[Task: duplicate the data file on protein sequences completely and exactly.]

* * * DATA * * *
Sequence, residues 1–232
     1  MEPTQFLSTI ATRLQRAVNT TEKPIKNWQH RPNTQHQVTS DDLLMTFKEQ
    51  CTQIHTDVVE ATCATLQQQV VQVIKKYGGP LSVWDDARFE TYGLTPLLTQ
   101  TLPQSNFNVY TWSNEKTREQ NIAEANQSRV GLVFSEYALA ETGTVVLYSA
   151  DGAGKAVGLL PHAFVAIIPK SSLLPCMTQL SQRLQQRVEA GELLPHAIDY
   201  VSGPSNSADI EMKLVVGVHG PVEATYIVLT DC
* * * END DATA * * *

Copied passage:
Sequence, residues 1–232
     1  MEPTQFLSTI ATRLQRAVNT TEKPIKNWQH RPNTQHQVTS DDLLMTFKEQ
    51  CTQIHTDVVE ATCATLQQQV VQVIKKYGGP LSVWDDARFE TYGLTPLLTQ
   101  TLPQSNFNVY TWSNEKTREQ NIAEANQSRV GLVFSEYALA ETGTVVLYSA
   151  DGAGKAVGLL PHAFVAIIPK SSLLPCMTQL SQRLQQRVEA GELLPHAIDY
   201  VSGPSNSADI EMKLVVGVHG PVEATYIVLT DC